Rather than present you with another reference, Harnessing Hibernate lets you explore the system, from download and configuration through a series of projects that demonstrate how to accomplish a variety of practical goals. The new edition of this concise guide walks you through Hibernate's primary features, which include mapping from Java classes to database tables, and from Java data types to SQL data types. You will also learn about Hibernate's data query and retrieval facilities, and much more.
By reading and following along with the examples, you can get your own Hibernate environment set up quickly and start using it for real-world tasks right away.
Harnessing Hibernate teaches you how to:
- Perform Object/Relational mapping
- Work with persistent data from Java code
- Work with groups and relationships between objects
- Extend Hibernate's rich type support for your own needs
- Simplify query creation using criteria and examples
- Use the Hibernate Query Language (HQL) and understand how it differs from SQL
- Use Hibernate in conjunction with Spring
- Use Hibernate in conjunction with other packages, such as the Stripes web framework and the Eclipse IDE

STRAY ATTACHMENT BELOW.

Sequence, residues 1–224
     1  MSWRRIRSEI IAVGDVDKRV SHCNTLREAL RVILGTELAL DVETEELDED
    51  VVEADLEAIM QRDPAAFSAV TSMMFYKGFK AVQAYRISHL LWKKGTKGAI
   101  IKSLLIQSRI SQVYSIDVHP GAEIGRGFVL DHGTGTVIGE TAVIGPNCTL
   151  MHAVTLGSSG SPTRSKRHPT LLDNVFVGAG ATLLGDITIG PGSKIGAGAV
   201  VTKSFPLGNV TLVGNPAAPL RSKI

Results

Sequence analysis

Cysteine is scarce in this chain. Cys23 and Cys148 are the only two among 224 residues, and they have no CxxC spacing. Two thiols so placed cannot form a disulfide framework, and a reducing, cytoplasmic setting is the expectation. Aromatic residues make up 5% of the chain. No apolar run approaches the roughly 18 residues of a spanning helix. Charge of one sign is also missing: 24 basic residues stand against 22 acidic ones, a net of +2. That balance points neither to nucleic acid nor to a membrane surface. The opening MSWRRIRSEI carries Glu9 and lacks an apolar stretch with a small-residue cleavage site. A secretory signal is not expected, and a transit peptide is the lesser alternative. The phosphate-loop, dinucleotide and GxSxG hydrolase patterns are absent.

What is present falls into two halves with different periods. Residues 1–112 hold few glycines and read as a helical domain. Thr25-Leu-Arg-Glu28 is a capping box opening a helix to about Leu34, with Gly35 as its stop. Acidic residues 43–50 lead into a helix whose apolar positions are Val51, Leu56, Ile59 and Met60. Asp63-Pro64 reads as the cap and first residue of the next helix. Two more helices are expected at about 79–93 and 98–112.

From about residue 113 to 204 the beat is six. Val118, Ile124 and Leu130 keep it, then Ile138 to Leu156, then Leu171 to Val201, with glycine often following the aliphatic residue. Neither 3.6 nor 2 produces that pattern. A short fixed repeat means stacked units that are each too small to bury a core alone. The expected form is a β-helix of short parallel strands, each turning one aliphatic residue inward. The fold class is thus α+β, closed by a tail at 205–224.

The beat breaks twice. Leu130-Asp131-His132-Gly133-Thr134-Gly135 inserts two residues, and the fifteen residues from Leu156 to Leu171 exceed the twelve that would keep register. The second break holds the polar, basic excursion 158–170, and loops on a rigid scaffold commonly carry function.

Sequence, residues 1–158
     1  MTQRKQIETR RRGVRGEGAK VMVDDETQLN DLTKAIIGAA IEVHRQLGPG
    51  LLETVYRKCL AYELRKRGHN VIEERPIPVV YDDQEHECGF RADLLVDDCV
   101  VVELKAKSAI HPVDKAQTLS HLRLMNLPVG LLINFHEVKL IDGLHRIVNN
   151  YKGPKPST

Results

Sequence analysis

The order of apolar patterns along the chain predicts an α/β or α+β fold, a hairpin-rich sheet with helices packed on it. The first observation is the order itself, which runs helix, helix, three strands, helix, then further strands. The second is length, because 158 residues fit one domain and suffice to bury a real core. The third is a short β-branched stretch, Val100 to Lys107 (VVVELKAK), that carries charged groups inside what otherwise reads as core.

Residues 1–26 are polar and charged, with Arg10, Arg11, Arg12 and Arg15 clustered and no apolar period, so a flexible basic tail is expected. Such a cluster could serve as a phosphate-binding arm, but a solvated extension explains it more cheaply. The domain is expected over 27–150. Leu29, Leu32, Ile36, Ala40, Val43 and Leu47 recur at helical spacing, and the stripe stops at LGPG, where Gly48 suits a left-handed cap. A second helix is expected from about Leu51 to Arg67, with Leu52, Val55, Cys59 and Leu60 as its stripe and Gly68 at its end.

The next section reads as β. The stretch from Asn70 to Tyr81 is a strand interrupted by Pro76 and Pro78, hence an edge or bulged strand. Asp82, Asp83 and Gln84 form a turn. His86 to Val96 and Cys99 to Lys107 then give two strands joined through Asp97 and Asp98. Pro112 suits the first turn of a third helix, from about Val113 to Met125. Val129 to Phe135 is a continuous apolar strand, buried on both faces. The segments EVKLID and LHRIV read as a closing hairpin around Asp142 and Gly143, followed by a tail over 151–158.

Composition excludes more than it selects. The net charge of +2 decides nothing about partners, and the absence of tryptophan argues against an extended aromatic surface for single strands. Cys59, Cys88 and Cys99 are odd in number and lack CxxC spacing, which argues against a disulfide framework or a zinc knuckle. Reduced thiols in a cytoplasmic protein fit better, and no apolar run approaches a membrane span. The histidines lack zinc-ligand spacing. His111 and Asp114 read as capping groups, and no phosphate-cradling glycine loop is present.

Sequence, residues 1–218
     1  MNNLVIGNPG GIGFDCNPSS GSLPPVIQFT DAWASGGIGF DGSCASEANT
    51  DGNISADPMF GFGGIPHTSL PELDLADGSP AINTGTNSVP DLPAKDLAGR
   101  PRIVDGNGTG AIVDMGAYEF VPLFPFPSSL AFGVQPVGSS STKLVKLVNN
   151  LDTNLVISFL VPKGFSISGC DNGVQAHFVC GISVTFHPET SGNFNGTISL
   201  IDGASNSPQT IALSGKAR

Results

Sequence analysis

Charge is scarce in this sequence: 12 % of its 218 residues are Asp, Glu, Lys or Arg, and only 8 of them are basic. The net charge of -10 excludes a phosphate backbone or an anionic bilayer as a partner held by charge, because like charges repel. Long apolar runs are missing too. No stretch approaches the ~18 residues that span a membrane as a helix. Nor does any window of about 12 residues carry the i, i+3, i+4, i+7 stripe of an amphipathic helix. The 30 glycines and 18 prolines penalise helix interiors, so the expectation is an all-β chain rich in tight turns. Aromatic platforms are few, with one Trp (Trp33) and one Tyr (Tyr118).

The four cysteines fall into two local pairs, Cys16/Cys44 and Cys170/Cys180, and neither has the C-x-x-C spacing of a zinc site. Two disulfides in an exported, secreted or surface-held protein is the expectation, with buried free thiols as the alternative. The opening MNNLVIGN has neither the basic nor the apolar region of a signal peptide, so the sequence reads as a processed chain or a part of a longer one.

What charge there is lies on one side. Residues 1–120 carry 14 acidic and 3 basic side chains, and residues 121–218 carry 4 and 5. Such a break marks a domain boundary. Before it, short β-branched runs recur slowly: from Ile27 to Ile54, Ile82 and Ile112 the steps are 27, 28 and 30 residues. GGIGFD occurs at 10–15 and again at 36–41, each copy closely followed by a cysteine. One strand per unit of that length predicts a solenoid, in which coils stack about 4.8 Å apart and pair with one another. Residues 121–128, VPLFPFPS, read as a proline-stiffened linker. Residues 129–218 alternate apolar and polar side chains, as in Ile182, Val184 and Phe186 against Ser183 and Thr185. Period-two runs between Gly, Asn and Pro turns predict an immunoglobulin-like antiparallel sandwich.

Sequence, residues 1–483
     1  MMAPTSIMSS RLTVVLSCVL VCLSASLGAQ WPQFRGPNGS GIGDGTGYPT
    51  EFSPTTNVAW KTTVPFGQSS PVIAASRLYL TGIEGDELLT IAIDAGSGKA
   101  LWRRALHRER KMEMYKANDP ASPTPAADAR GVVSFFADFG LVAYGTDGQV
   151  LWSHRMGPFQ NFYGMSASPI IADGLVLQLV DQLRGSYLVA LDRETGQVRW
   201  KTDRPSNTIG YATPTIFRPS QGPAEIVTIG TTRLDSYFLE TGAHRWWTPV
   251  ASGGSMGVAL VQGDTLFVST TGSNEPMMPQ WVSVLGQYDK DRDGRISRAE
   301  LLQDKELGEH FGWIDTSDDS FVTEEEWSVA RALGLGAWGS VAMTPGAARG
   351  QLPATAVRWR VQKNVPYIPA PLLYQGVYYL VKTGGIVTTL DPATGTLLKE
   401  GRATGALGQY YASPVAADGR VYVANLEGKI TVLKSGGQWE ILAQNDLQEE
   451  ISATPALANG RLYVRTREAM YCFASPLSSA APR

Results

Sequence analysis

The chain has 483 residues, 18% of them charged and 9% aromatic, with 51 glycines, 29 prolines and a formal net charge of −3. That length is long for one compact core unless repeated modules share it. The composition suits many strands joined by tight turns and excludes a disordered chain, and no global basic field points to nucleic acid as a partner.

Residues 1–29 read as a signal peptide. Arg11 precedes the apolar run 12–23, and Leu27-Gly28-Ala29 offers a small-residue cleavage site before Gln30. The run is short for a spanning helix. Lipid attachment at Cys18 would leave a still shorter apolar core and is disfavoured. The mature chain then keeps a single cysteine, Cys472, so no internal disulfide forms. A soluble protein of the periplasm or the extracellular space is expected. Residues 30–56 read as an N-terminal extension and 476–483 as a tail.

Once you're past the first few chapters, you can jump to topics that you find particularly interesting or relevant. All background material and explanations of how Hibernate works and why is in the service of a focused task. Source code can be downloaded from the book's website.
If using SQL is an uncomfortable chore, Harnessing Hibernate offers you an effective and trouble-free method for working with the information you store in your applications.
About the Authors
James Elliott is a senior software engineer at Berbee, with fifteen years' professional experience as a systems developer. He started designing with objects well before work environments made it convenient, and has a passion for building high-quality Java tools and frameworks to simplify the tasks of other developers.
Tim O'Brien is a professional singer/programmer living and working in the Chicago area. He prefers Emacs to vi. Tim discovered programming on a TRS-80, and went on to study (and subsequently forget) Electrical Engineering at UVA. In his free time Tim likes to sleep, study music, build toys with microcontrollers, and participate in open source projects. Tim is active in the Jakarta Commons.
Ryan Fowler is a software engineer at Berbee in Madison, WI. He programmed Basic on Apple II machines for a while in elementary school at St. Stephen School in Grand Rapids, MI. He returned to coding in the computer science department at Alma College in Alma, MI while earning his bachelor's degree. Ryan skis, sails and rounds life out with some guitar playing when there's no snow or wind.